Category Archives: Abbie’s column

Abbie’s newspaper columns

Pictorial or immersive gardens (part 2) – mostly immersive style because that is what interests us more

Part one is here.  You may wish to check the definitions of pictorial and immersive gardens. 

The designers whose work we seek out – often travelling great distances across England to do so – are Piet Oudolf, Tom Stuart-Smith, Dan Pearson, James Hitchmough and Nigel Dunnett with the work coming out from Sheffield University and, to a lesser extent, Christopher Bradley-Hole.

More pictorial than immersive – the Oudolf borders at Wisley RHS

We started with that giant of the New Perennials movement, Piet Oudolf. Who doesn’t? We have seen Oudolf’s work in several places – including Wisley, Trentham Gardens, Scampston, Pensthorpe and Bury Court. I like the controversial glasshouse borders at Wisley (though not so much on the last visit when they had all been freshly mulched in gravel which I found a bit too utility) though I acknowledge that they are more pictorial than immersive. Mark finds them a bit stripey. Our least favourite was Scampston which led me to think that he is probably a better plantsman than designer. Mark is given to describing some of his work as being ‘contemporary Gertrude Jekyll on steroids’ – particularly the large-scale work at places like Trentham and Pensthorpe.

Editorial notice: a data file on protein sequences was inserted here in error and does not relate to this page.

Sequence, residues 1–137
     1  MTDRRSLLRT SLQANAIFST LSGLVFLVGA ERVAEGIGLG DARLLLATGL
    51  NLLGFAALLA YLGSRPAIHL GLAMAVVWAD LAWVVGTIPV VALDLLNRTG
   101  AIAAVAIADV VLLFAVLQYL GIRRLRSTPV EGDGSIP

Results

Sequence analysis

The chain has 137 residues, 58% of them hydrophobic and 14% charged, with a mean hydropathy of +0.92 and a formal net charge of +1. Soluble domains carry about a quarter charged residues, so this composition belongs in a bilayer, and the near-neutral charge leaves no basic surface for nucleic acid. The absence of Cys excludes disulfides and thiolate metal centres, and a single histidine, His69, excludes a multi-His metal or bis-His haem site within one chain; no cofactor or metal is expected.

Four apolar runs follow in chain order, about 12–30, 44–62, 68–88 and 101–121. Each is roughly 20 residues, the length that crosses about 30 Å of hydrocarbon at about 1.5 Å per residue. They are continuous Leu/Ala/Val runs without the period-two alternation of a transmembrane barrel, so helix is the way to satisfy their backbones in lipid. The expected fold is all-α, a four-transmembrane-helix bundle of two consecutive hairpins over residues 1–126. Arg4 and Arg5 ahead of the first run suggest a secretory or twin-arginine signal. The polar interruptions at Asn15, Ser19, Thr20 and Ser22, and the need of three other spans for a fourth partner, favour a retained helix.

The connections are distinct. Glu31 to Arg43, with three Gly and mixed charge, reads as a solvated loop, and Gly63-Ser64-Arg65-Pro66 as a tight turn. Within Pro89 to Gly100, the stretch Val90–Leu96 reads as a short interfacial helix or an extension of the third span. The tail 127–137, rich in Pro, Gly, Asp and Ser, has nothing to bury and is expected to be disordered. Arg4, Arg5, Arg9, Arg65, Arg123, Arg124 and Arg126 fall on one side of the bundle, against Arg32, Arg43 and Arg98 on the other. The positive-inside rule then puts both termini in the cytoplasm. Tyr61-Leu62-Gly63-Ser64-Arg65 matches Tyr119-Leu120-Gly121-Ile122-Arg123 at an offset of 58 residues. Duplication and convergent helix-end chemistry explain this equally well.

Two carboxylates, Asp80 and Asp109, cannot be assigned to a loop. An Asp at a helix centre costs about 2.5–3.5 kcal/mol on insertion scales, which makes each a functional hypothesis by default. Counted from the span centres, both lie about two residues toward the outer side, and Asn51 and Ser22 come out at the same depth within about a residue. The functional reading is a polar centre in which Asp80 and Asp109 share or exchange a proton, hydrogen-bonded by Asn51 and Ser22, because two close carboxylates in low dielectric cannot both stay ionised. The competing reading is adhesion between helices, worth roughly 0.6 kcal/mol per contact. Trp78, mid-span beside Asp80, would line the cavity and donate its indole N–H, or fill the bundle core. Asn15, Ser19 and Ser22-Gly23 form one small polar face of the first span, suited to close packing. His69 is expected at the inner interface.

Immersive Oudolf at Bury Court – also the difference between a domestic garden and public work

My absolute favourite is his very early commission on the walled garden at Bury Court. It really is magical and part of that is the scale which is much smaller, more detailed and domestic in nature. What designers create in private commissions is very different to what they do on large scale, public projects and it is interesting seeing both, even though our main focus is domestic gardens. The third aspect is what they do in their own private garden but we have missed the opportunity to see that with Oudolf. He closed his private garden, Hummelo, in the Netherlands last year.

On our July trip, we had scheduled in a visit to the much acclaimed new Oudolf gardens at the Hauser and Wirth gallery in Somerset as well as his early work at Potters Field in London that we have not yet seen.

Stuart-Smith at Mount St John in Yorkshire

We first saw Tom Stuart-Smith’s work at Wisley, too – the border plantings that edge the glasshouse lake. It was a bit early in the season and more recently planted, I think, and we weren’t blown away by it on that first visit. Subsequent visits have made us appreciate it more. The privilege of visiting his private commission at Mount St John in Yorkshire was different altogether. The sunny parterre immediately in front of the rather grand residence was sublime. Sure it was large scale and big budget. From memory, it is the home of a supermarket magnate. But it was a garden that invited you in to experience walking through it while it stretched out to the wider landscape beyond. My photos don’t do it justice.